In the ensuing years, Black Scholars were selected out of several constituencies. They included such towering figures in the anti-colonial struggle and in race theory as Jamaican National Hero and Premier Norman Manley (1914); Jamaican-British sociologist and theorist of race and multiculturalism Stuart Hall (1951), and Nigerian Scholar Tajudeen Abdul-Raheem (1983), Secretary-General of the Pan-African Movement.

    But entrenched racism within and beyond the Rhodes community resulted in a gap of 56 years before the next two African-American Black Rhodes Scholars were selected in 1963, Stan Sanders and John Edgar Wideman.

    Racial barriers also took a very long time to fall in South Africa. In 1970, 85 Rhodes Scholars signed a petition denouncing the allocation of certain South African Scholarships exclusively to Whites as a “stark evil” and “intolerable example of the most extreme form of racial prejudice.” These efforts led to the creation of the new South Africa-at-Large Scholarship and the selection of the first non-white South African Rhodes Scholars, Ramachandran Govender in 1977 and Loyiso Nongxa in 1978. Nongxa, a former Vice-Chancellor of the University of Witwatersrand, is now Chair of the National Research Foundation of South Africa.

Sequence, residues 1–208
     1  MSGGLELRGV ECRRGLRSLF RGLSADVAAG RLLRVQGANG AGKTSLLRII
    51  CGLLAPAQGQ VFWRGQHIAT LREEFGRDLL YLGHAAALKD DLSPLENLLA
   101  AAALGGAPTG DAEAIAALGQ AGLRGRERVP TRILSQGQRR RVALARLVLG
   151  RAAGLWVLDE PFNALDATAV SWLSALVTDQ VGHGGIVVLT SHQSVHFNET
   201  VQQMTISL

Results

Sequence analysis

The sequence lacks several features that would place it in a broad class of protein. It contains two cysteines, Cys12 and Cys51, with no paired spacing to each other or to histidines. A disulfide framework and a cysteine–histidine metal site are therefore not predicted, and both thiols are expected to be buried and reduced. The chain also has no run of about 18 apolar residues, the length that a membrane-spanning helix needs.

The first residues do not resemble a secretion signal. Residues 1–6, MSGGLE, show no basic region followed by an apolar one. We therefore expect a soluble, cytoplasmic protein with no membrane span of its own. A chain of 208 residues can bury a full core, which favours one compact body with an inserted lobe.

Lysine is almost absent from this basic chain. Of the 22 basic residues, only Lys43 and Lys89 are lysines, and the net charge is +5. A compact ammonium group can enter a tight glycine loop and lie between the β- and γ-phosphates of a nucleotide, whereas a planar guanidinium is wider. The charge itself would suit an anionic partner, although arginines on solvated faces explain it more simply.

https://www.rhodeshouse.ox.ac.uk/impact-legacy/blacklivesmatter-racism-and-legacy/

    Emhpasis both mine.

    Of course, there are some folk who I am sure believe that for 56 there was not a single qualified Black candidate. These will most likely be the same people who marvel that the awarding of a subjective scholarship to people from a minority means that far more qualified white candidates are being excluded (because in the end, that is what complaints about “seeing color” are inevitably about).

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  6. Mimai says:

    Full disclosure: I know very little about this.

    Cecil Rhodes…wanted Rhodes Scholars to be “the best men for the world’s fight.”